When Cisco announced the $2.7bn acquisition of security firm Sourcefire, there were some who instantly concluded that it means the imminent demise of the open source intrusion detection and prevention technology, Snort, and its community. Not so, says Cisco.
Critics: Some took to Twitter to predict Snort’s demise.
I asked Cisco SVP of security Chris Young what he would say to users and community members who are fearful that its acquisition by such a large firm – not especially well-known as an open source advocate – will mean it’s starved of resources and left to wither. "What I’d say to them is that Snort is one of the key pieces of value in the acquisition – it’s one of the reasons that we bought it in the first place," Young said.
"It’s incredibly important that we keep the community vibrant and we continue to invest in that community," he said. "We’re also going to learn as much about open source as we can from them. Cisco has been doing more in open source recently, for example with Project OpenDaylight [which is around software defined networking] and OpenStack [an open source cloud computing project]. We’re doing more around open source at the company level and we intend to learn more from Marty [Roesch, founder of Sourcefire] and his team."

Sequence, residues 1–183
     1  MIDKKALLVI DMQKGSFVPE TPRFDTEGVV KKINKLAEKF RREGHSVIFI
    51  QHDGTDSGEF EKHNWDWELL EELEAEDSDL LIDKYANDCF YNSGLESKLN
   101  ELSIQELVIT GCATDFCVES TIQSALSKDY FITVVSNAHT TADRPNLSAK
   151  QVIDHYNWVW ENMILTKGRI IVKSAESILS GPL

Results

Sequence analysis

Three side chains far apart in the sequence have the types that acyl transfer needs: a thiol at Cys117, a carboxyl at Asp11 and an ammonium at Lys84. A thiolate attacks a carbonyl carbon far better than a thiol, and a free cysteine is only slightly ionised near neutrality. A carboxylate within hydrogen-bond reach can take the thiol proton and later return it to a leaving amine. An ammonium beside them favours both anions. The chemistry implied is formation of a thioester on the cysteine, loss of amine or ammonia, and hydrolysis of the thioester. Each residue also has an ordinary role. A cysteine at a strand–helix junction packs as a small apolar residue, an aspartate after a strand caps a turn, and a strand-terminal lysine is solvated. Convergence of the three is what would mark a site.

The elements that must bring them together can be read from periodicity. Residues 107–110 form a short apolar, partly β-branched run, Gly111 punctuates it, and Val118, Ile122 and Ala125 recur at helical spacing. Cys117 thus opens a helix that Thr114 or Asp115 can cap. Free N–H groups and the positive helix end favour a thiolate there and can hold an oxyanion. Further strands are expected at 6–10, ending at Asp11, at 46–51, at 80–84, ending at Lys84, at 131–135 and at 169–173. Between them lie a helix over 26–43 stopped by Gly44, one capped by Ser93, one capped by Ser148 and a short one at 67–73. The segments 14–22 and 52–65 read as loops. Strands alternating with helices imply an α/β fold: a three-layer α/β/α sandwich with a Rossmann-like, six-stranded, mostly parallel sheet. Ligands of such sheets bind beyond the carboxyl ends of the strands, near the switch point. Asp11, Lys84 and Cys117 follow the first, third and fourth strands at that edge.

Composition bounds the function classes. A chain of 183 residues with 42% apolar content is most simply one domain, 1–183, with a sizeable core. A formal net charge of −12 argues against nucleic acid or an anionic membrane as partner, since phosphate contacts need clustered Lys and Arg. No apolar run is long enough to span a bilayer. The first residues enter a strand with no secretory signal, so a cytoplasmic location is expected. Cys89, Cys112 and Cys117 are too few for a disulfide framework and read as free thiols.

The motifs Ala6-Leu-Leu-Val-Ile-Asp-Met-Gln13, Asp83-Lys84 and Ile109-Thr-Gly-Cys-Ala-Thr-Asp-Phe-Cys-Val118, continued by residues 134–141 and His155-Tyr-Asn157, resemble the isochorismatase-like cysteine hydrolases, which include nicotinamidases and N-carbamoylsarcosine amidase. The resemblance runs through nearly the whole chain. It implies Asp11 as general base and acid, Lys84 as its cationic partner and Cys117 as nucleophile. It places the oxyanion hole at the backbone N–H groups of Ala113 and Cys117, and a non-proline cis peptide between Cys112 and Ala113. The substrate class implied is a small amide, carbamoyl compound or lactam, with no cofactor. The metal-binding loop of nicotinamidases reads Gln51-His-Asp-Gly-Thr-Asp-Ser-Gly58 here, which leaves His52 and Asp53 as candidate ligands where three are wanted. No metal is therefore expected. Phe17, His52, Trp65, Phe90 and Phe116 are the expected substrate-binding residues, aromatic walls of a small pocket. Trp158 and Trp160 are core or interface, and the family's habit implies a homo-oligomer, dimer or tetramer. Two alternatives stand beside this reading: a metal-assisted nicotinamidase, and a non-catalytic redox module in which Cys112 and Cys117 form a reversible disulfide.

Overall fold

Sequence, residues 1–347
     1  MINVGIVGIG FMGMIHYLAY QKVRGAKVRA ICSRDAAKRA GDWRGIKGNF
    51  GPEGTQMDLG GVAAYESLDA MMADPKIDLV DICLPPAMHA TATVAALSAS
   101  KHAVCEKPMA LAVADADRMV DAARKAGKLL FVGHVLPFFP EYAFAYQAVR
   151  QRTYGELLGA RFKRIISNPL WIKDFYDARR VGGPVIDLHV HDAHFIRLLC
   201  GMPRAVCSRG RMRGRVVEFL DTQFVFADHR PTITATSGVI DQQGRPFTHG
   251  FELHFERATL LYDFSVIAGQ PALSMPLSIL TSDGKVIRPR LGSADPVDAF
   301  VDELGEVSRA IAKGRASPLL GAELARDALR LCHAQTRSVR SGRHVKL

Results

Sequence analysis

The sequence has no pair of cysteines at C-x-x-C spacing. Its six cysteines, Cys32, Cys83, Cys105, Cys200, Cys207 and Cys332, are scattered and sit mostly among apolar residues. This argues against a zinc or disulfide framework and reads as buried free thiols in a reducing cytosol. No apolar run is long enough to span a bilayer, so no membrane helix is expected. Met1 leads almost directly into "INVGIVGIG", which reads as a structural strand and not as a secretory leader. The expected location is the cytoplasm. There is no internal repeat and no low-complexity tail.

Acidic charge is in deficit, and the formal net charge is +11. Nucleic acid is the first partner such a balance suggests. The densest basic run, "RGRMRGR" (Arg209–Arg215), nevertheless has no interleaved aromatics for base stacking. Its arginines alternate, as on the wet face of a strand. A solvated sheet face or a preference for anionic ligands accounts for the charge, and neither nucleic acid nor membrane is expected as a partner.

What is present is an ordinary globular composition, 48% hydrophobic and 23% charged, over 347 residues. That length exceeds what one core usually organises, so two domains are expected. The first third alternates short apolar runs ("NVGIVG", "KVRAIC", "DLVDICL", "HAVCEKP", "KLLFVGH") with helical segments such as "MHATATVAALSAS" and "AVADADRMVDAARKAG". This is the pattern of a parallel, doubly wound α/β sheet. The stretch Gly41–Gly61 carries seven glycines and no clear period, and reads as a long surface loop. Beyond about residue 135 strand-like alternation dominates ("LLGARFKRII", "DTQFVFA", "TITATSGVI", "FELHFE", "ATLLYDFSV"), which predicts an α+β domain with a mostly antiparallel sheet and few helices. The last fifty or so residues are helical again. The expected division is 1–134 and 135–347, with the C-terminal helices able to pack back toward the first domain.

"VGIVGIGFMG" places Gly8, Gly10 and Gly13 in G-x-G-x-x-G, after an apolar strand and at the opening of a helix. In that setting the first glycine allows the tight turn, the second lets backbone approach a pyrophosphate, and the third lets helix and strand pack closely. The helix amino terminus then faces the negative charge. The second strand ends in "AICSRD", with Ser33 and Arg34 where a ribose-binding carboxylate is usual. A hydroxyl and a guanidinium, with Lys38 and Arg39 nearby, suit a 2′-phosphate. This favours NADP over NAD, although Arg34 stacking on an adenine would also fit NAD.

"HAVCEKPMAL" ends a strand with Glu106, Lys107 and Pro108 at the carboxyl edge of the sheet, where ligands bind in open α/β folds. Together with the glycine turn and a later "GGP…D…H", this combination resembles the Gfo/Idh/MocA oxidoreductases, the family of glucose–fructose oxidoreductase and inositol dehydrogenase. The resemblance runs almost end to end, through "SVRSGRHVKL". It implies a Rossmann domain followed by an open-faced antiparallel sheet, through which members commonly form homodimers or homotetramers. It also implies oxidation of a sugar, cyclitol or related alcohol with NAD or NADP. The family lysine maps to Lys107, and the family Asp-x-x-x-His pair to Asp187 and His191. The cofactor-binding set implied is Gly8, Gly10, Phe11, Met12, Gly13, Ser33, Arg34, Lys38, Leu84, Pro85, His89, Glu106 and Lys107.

Roesch created Snort in 1998. Snort is said to use a rule-driven language which combines the benefits of signature, protocol and anomaly-based inspection methods. It’s had over four million downloads and is said to be the most widely-used IDS/IPS in the world. Sourcefire also manages another open source security project, ClamAV anti-malware, and provides other open source and freeware tools such as OfficeCat and Daemonlogger.
The $2.7bn price-tag that Cisco is paying for Sourcefire comes to over ten times Sourcefire’s annual revenue, but it’s instantly given Cisco orders-of-magnitude greater strength in security, particularly cybersecurity.